The Last Campaign: Robert F. Kennedy
and 82 Days That Inspired America
By Thurston Clarke
Henry Holt, 321 pp., illustrated, $25
The images from "The Last Campaign," Thurston Clarke's powerful account of Robert F. Kennedy's campaign for the presidency - the vibrant, hopeful campaign that ended senselessly 40 years ago this week - impel themselves on the reader, touching chords of memory and sorrow.
There is among them a compassionate image, from June 3, the day before the fateful California primary.
Kennedy was campaigning in Watts, the black neighborhood in Los Angeles. "Spectators," writes Clarke, "hurled themselves in waves against Kennedy's slow-moving convertible," their hands slapping his.
At one point, Kennedy spotted a 5-year-old black girl and pulled her into the car, fearing she might fall under its wheels.
"He placed her between his knees and began whispering in her ear." When he discovered that the girl did not know her telephone number, "he halted the motorcade" and stood with the little girl, "[she] clutching Kennedy with one hand and [her] stuffed rabbit with the other" until he found someone to drive her home.
And there is a confrontational image, from late April at the Indiana University Medical School.
The audience had been "generally hostile," and then one student asked from where would the money come for the neighborhood clinics and similar programs that Kennedy was proposing.
"From you," Kennedy said, pointing at one student. Then he went around the hall, jabbing his finger and shouting, "From you! . . . You! . . . You! . . . You!"
He continued: "Let me just say something about the tenor of that question and some of the other questions. The fact is that there are people who suffer in this country to whom we have some responsibility."
That challenge speaks to the moral thrust of his campaign.
On April 4, in the afternoon of the day on which Martin Luther King Jr. would be assassinated, Kennedy spoke passionately about poverty at Ball State University. That event was overtaken by the assassination, but an audiotape, Clarke reports, "shows him pleading with [the students] as if his campaign, and the nation's future, depended on their becoming as outraged by poverty as he was."
That evening, it fell to Kennedy to break the news of the assassination to a largely black crowd gathered for a rally in Indianapolis. There had been fears that it would trigger violence, but when Kennedy finished, most in the crowd "stood still, weeping and stunned into silence," then "dispersed quietly." And the city remained calm even as riots spread across the country.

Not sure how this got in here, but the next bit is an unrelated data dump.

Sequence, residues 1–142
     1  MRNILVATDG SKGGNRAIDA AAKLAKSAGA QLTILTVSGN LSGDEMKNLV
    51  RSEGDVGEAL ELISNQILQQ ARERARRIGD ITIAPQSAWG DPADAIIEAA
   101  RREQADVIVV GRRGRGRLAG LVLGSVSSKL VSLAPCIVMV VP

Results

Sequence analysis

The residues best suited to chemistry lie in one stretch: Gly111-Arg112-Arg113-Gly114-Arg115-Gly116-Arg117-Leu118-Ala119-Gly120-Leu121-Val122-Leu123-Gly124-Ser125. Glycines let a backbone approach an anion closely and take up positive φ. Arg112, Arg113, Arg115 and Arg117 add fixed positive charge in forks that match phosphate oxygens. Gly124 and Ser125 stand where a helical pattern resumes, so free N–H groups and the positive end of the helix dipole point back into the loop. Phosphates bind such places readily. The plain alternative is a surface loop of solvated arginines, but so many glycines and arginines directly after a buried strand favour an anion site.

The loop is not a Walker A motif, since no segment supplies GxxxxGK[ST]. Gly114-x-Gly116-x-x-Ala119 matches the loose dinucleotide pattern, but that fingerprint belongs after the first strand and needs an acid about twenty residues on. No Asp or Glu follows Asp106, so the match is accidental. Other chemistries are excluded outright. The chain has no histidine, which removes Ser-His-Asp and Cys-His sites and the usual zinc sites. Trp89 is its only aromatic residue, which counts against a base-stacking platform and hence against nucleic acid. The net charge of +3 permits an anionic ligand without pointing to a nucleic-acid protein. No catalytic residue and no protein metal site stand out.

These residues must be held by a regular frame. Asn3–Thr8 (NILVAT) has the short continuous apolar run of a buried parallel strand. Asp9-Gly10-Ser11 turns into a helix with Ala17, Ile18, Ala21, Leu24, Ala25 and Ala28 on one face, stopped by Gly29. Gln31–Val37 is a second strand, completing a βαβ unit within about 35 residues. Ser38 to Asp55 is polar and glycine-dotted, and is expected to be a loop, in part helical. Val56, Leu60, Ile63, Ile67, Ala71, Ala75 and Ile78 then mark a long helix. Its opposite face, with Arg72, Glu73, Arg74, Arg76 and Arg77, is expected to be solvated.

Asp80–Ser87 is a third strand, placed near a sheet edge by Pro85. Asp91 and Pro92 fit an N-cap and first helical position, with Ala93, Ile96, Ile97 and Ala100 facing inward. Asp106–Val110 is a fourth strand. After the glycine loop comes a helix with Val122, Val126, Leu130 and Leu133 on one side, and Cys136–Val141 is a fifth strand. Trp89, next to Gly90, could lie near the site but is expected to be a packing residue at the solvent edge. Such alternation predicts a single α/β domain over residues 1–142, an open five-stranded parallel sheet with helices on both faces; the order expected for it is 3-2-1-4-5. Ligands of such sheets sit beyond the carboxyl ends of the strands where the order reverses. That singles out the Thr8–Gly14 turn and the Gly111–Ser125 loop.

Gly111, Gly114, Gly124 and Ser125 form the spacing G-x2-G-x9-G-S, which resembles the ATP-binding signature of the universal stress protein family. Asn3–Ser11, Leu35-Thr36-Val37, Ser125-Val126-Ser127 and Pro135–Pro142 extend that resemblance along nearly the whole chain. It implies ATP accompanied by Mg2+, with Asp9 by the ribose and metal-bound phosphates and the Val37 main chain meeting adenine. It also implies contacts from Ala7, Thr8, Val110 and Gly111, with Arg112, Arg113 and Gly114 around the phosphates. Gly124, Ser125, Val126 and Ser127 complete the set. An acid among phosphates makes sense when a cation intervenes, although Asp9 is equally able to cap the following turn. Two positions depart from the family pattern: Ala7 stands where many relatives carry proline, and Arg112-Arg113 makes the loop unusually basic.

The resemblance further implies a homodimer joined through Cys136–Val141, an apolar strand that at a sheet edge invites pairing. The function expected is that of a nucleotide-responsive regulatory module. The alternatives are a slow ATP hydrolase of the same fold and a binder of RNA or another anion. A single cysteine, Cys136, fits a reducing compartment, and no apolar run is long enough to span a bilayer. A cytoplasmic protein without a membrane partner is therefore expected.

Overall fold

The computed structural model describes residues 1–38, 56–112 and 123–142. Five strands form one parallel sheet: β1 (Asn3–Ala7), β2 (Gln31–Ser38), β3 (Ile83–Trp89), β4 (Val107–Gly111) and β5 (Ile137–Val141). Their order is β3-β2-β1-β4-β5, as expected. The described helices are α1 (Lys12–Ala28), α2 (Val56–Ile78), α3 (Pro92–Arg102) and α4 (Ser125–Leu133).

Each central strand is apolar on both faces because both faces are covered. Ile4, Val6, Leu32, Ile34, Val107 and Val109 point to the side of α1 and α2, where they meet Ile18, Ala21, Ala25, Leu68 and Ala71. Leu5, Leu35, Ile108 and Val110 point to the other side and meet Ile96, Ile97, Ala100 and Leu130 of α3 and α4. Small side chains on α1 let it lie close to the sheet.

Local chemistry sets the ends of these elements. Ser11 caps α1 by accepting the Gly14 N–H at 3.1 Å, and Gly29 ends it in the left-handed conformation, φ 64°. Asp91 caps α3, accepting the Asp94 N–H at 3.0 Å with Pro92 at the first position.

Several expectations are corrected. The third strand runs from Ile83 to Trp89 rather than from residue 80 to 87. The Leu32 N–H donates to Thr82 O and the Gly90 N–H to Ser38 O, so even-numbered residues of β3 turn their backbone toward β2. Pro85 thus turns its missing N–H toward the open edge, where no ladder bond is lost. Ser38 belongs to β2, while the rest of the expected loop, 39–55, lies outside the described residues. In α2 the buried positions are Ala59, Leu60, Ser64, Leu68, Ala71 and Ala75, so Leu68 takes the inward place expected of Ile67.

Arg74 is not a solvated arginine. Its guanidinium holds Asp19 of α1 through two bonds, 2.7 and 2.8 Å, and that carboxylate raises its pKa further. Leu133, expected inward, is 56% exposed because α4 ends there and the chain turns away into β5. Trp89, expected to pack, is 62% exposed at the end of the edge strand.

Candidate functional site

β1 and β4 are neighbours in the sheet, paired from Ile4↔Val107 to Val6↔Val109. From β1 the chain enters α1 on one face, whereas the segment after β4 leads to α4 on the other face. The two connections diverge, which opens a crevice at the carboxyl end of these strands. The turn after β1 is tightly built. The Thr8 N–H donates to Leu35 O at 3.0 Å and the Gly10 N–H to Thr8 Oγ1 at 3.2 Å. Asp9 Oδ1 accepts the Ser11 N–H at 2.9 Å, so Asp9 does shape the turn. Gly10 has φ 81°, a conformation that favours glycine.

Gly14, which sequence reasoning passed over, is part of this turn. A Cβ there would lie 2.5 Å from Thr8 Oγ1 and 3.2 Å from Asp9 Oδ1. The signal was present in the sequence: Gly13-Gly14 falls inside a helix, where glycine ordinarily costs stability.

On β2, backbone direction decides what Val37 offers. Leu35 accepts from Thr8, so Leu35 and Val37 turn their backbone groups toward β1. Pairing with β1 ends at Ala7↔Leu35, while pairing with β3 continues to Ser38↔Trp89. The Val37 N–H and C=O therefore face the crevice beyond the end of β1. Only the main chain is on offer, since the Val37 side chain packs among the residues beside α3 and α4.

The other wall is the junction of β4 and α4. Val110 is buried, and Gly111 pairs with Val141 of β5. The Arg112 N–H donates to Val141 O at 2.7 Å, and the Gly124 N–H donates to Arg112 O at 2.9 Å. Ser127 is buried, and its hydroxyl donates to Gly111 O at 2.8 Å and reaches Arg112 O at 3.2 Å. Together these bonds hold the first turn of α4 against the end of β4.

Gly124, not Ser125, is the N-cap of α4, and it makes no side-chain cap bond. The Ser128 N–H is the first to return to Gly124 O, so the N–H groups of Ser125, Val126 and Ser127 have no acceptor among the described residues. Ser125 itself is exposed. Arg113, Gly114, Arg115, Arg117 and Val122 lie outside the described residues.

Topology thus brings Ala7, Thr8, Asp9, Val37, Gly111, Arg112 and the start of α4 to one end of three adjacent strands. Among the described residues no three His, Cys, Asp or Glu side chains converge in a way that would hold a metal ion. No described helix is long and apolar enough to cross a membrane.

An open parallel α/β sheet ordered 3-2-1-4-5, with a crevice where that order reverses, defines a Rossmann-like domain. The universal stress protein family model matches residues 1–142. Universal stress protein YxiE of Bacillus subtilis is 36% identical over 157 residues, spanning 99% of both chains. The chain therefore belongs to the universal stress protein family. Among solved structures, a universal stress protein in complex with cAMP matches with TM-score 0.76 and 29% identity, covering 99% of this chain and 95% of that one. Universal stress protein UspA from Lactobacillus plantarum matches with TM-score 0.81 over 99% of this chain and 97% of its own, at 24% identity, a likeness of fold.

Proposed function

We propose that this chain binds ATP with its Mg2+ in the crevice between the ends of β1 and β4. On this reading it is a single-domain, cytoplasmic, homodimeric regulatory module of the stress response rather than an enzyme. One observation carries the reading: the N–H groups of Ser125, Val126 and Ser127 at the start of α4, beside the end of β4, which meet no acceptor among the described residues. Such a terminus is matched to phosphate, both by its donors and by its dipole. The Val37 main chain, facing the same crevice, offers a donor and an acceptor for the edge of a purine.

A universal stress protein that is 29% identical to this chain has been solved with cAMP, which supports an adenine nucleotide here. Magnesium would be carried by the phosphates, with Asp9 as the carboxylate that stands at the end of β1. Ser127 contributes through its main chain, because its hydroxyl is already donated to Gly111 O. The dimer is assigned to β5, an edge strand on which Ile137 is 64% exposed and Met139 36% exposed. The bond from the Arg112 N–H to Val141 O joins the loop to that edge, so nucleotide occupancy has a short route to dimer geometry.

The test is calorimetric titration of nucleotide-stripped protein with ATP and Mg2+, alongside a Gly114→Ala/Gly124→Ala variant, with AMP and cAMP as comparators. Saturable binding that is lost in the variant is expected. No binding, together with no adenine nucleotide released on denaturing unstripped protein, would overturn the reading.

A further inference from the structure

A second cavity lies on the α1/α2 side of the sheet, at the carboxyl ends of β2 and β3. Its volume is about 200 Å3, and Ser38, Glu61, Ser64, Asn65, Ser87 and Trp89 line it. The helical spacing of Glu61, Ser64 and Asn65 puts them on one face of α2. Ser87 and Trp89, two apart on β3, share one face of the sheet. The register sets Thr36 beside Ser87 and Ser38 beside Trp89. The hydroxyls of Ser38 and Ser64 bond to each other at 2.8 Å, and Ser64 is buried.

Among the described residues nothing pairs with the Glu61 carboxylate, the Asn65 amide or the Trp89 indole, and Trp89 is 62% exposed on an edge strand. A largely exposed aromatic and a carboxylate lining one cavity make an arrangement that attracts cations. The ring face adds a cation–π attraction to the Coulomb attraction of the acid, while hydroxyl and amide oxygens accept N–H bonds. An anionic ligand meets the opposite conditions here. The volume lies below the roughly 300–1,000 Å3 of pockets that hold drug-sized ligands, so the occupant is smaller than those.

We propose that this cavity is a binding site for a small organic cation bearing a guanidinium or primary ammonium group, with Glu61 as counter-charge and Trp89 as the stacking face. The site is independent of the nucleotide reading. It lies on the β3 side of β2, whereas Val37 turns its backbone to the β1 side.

For Kennedy, the threat - almost a fatalistic acceptance - of assassination was a constant presence. He spoke often of it to those traveling with him, and perhaps explains, Clarke writes, "why he campaigned so passionately, as if the campaign itself might have to serve as legacy, and epitaph."
Impelled by outrage at the two crises confronting the nation - the war in Vietnam and the battle over civil rights - Kennedy had all but decided early in 1968 to challenge President Lyndon Johnson. Minnesota Senator Eugene McCarthy was already in the race as an antiwar candidate.
When Kennedy finally entered, there were few state primaries in which to run - Indiana and Nebraska in early May, Oregon in late May, then California and South Dakota on June 4, and finally New York. And not only was there McCarthy to contend against, but after Johnson declared that he would not seek reelection, a shadow campaign for Vice President Hubert Humphrey.
Knowing how it will end - Kennedy was shot in Los Angeles on June 5, at 12:15 a.m. local time, and died at 1:44 a.m. local time the following day - it is the sense of what might have been that makes "The Last Campaign" so wrenching.
Clarke addresses that might-have-been in a prologue that recounts the mournful passage of the funeral train bearing Kennedy's body from New York to Washington, "a 216-mile-long chain of grief and despair," along which some 2 million people gave witness, a wedding party standing in a Delaware meadow, five nuns standing in a yellow pickup truck, and at one place, "white policemen cradling black children in their arms."
And, writes Clarke, the riders on the train could see, along with the weeping people, "the derelict factories, creaky tenements, shuttered stores, and crime-battered neighborhoods that anyone traveling this route today still sees, but might not be seeing had Robert Kennedy lived."
Michael Kenney is a freelance writer who lives in Cambridge.